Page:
Feeling gross, yucky, icky or have no voice at all?
There’s something going around again and an email request prompted me to write some tips for soothing a sore throat.
Try these 12 tips at home — they work!
Cat with Mouse

1. Do not talk

Really, don’t talk. It sounds impossible but if you have the support of those around you and they are open to reading notes you jot down or playing charades, you can do it.

2. Do not talk on the phone

The phone is one of those wonderful technologies that can literally rip the voice right out of you. If you are feeling sick or even if you are not, it’s a good idea to spend minimal time on the telephone as people often speak in more exaggerated tones and volume levels to compensate for the fact that you cannot express yourself visually.

3. Do not irritate your voice by yelling, crying, screaming or nagging

This may be an easy one for you if you lead a relatively tranquil existence or if you live alone. However, if you have kids, clam up and don’t use your voice if you’re mad and want to yell. Find another positive way to express what you are feeling — don’t take it out on your own voice — that’s counterproductive!

4. If you are coughing don’t force it or you may lose your voice

Enough said. I had this awful affliction late last week and couldn’t speak for a few days. It’s nasty, it’s inconvenient and it is nearly the worst thing that can happen to you if you depend upon your voice to make a living. As one of my chums related, Laryngitis is the kiss of death for voice actors, and I can see why it’s true! I hope you don’t get it — follow the tips on this list and you’ll have some ideas on how to stave it off.

5. Drink plenty of fluids

Keep the juice, water and milk coming! Your body is made up a hefty percentage of water and you need to maintain those fluids in order to get better and keep your vocal folds moist. Milk doesn’t just build strong bones and teeth, it has hidden benefits such as adding another thin layer of coating to ease the pain. While you’re at it, you might want to eat some yogurt or pudding 😉 Consider Ginger Ale as another remedy in your arsenal.

6. Stay Hydrated

This may sound the same as the previous suggestion but it’s not exactly the same. Earlier I encouraged you to drink plenty of fluids, but plenty is a relative term 😉 Being hydrated means that you are constantly replacing fluids that are leaving you throughout the day. Don’t just drink with each meal, drink in between meals and whenever you feel you need it.
A good rule might be to have a glass of something moisturizing once an hour when your throat feels like this. Your illness has a way of stripping the moisture away faster than would normally happen if you were well. Drinking more will also prevent headaches and migraines.

7. Have a cup of something warm that is non-drying

Do you like drinking tea? If you do, it’s a great time to get your herbal teas out of the cupboard and find the one that is most suited to driving away infection and soreness. Lemon, chamomile, and ginger are three great choices. Honey is a nice sweetener that won’t create more fuss.

8. Don’t eat anything scratchy, gritty or spicy

It goes without saying but if you’re eating something gritty, coarse or spicy, your throat is not going to thank you. Stay away from foods that mettle with your efforts to get back on the path to good health.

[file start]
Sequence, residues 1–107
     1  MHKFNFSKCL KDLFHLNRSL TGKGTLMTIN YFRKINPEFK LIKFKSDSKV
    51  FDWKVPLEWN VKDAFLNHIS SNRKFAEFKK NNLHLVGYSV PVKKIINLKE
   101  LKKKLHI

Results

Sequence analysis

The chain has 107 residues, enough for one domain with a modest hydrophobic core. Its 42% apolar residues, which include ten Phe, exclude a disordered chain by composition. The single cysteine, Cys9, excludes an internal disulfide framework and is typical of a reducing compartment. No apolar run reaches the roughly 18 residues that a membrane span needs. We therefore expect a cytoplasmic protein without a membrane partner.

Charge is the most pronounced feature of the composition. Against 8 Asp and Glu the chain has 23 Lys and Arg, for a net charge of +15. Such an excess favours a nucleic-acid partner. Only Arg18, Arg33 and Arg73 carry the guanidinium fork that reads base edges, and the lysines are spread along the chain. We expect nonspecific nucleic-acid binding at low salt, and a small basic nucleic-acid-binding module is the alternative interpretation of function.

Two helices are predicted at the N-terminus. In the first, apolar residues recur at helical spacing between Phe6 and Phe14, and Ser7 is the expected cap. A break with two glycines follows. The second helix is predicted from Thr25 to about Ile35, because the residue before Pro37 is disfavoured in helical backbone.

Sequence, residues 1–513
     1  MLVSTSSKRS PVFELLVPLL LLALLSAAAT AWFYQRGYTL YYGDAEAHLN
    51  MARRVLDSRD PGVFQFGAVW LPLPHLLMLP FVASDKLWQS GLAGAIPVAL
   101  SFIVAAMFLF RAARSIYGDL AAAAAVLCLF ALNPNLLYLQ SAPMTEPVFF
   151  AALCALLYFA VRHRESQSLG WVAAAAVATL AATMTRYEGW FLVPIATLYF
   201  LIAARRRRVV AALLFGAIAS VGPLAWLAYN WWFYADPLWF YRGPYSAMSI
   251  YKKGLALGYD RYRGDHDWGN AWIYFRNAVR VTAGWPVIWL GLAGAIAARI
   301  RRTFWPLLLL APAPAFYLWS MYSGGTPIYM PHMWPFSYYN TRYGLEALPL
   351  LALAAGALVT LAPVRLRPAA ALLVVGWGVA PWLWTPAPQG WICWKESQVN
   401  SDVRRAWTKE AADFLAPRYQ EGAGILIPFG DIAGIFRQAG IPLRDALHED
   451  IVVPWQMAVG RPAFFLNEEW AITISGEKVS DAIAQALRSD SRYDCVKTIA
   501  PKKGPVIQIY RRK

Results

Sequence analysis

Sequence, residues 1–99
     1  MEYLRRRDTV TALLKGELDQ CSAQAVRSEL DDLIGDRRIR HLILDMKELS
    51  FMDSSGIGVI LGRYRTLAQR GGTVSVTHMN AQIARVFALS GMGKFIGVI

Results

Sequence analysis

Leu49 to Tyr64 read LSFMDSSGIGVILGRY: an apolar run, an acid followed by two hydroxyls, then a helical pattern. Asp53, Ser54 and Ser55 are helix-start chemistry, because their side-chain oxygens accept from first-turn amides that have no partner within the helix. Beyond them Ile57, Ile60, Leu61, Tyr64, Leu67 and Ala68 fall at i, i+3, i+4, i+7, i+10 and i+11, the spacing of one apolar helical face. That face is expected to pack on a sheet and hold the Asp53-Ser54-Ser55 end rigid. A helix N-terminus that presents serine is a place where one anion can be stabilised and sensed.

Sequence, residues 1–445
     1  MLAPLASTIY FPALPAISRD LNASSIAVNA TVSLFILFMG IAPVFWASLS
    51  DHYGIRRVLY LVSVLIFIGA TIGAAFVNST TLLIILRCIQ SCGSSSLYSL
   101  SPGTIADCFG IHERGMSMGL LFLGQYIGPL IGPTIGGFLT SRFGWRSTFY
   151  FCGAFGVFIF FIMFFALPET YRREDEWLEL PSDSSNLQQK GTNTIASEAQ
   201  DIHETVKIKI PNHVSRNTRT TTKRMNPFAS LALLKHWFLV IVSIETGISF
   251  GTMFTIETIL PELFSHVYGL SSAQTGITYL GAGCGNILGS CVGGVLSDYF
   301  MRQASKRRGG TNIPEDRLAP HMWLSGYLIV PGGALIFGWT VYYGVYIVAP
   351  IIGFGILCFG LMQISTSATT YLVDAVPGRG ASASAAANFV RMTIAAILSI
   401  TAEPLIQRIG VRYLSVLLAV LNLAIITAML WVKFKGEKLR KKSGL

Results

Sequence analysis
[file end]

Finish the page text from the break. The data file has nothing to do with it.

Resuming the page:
9. Boil some water and breathe in the steam

Give yourself the spa treatment and inhale some beautifully condensed H20! If you have a water mister or humidifier turn that baby on full tilt and take it all in.

10. Get plenty of rest

Resting doesn’t necessarily mean lights out but it does mean refraining from activities you don’t need to participate in until you get well. Take some time to be quiet, sit still and see what happens.

11. Keep warm

Keeping your neck area warm is a good idea. If you have a heating bag, scarf or sweater, put it on. A massage wouldn’t hurt either, would it? Gently massage your neck and pamper it a bit by allowing your voice do do absolutely nothing.

12. Sleep

Snuggle up, get toasty warm and call it a night early to get those optimum hours of rest before midnight. If you go to bed for 9 p.m. or even 10 p.m. you’ll feel the difference.

Bonus #1: If you need to clear your throat, do not cough, simply swallow. This is a good habit to develop when you are healthy too, especially if you are in a recording session and either can’t cough or prefer not to.

Bonus #2: STAY OFF THE PHONE! It’s one of the best things you can do for your voice. The less you talk, the more time your voice has to heal and help your body to combat whatever it is that is making you sick.

Do you have a tip you would like to share?

Leave a comment!
Best wishes,

Technorati Tags: Sick, Sore Throat, Home Remedies, Laryngitis, Colds, Cold Season, Vocal Health, Voice Acting, and Voices.com.

©©©iStockphoto.com/Przemyslaw Rzeszutko

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Stephanie Ciccarelli is the Co-Founder and Chief Brand Officer of Voices.com. Classically trained in voice, piano, violin and musical theatre, as well as a respected mentor and industry speaker, Stephanie graduated with a Bachelor of Musical Arts from the Don Wright Faculty of Music at the University of Western Ontario. Possessing a great love for imparting knowledge and empowering others, her podcast Sound Stories serves an audience that wants to achieve excellence in storytelling. Stephanie is found on the PROFIT Magazine W100 list three times (2013, 2015 and 2016), a ranking of Canada's top female entrepreneurs, and is the author of Voice Acting for Dummies®.